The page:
Marcella Barowski, July 15th, 2015
LW: Today is Wednesday, July 15, this is the interview of Marcella Barowski by Lily Wilson. We are at the Detroit Historical Museum in Detroit, Michigan. This interview is for the Detroit Historical Society and the Detroit 1967 Oral History project Marcie, can you start by telling me your birth date and place of birth?
MB: My birth date is October 24, 1951. I was born in Detroit, Michigan.
LW: What neighborhood did you live in as a child?
MB: I lived on the lower east side of Detroit, 3718 St. Clair. It was between Gratiot and Connor, considered the Lower Eastside.
LW: Can you tell me a little bit about the make-up of that neighborhood? The types of families that lived there?
MB: We moved into the neighborhood in 1953, and at that time there were — the ethnicity of consisted of German people, Italian, not very many Polish people. Basically Italian and German. And then later on it started to become more mixed with African-American people. I would say, probably, the late fifties, early sixties because most of my classmates – it was a 50/50 make up in school.
LW: What school did you go to?
MB: I attended Saint Bernard's. It was on Fairview and Mack and I attended from first grade to eighth grade. And at that time, they closed after I was in the eighth grade.
LW: And Saint Bernard's was a Catholic school?
MB: Catholic school, yes.
LW: And it was 50/50 by the time you ended eighth grade?
MB: Most of my friends from first grade on – I started in the first grade – most of my girl friends at that time – it was easily a mix of 50/50. Black girl friends and white girl friends.
LW: Wow. So in Detroit in 1967, what do you remember about July of that summer?
MB: That summer was not like today in 2015. It was a very humid July. Hot. No air conditioning in the house. I remember it being very, very hot.
LW: What do you remember about the, sort of, civil unrest during that month? What was going on?
MB: Well, when the first problem started in July, I can go back to the actual day of the event. Would you like me to go there?
LW: Yeah. Tell me about what you were doing. What your family was doing.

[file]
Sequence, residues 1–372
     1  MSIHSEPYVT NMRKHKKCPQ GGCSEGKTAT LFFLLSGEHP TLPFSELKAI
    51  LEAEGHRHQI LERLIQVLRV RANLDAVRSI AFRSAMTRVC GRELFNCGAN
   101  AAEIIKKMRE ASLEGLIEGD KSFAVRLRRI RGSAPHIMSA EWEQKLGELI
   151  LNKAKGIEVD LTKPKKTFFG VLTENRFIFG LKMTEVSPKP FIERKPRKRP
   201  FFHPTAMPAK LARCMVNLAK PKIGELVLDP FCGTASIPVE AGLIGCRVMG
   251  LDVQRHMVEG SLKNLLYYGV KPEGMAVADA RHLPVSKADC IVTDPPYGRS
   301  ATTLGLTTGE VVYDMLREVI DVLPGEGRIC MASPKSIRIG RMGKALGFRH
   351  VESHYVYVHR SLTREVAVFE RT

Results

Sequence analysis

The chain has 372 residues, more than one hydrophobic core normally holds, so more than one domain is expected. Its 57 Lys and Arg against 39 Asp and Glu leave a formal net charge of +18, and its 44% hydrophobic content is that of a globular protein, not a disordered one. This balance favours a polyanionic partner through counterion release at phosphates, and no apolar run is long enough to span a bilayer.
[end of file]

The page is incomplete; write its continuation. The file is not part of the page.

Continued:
MB: We lived, at that time, with my aunt, uncle, and cousin, and that would consist of my mother's sister and myself, because my father was deceased. And we were watching the Ed Sullivan Show on Sunday night. And it started at eight o'clock. And my aunt, uncle, my cousin who at the time would be about 13, were visiting my aunt and uncle in Dearborn. It was about, maybe 8:05 or so that my uncle called us at the home on St. Clair and had heard on the radio there had been some rioting and fires. And I believe it would have been at the old St. Regis Hotel. That's where it had started. And he was inquiring if we had seen anything on Mack because we lived on a corner house. So we would have had full view of Mack Avenue and all the stores that would have been there. You know, we had an A&P, a liquor store, pharmacy. And at that time we had not heard or seen anything. At that time at 8:05 on Sunday night. So my aunt and uncle decided at that point to come home because they were concerned for us and for what they were hearing on the radio.
LW: Where were they?
MB: They were in Dearborn at the time. So as they were coming home – I do not recall the freeway they took home – but they were able to see some fires going on. It was maybe a couple hours after that, if I do recall, maybe about 10 p.m., there was heard a window breaking.
MB: That would have been the first window, I remember looking out the door and my mom was kind of upset. She didn't want us looking out the door. It would have been at the A&P, which was right on the corner of Mack Avenue and St. Clair.
LW: And you could see that A&P from your house because it was a corner house?
MB: We were in a corner house and I could see – we had two floors and I went upstairs to my second floor, looked out my bedroom window, and I would have had a full view of the A&P.
LW: So what else do you remember seeing? Or do you remember seeing anything?
MB: I remember seeing first someone throwing a bottle to break the main window.
MB: And then someone must have thrown some type of rag, it could have been on fire, whatever. And that's when I recall the first building starting on fire.
LW: And did that building burn down?
MB: They were able to put the fire out, but by then, unfortunately, people started coming to loot the A&P.
LW: Okay. So, you had mentioned in your written history that you remember people sorting through looted goods in your back yard.
MB: It was very difficult for me as a 15-year-old because I had attended a Catholic school, knew right from wrong, and some of the children I had played with on the street – the girls I attended school with, I don't believe, or I had seen participate in the looting. But there were some neighbor kids that lived across the street and I would see them running. It was 10 o'clock at night, going to the A&P and taking the - you know, they had the shopping carts?
MB: And loading them up and coming out of the A&P. But by then, that time it was very shortly after that the liquor store, which was kiddy-corner from the A&P, also started to be broken.
LW: Now the neighborhood that you lived in was racially diverse.
MB: Very much so.
LW: So, were these black people or white people from your neighborhood going and looting?
MB: At the time of '67, the neighborhood was definitely more predominately black.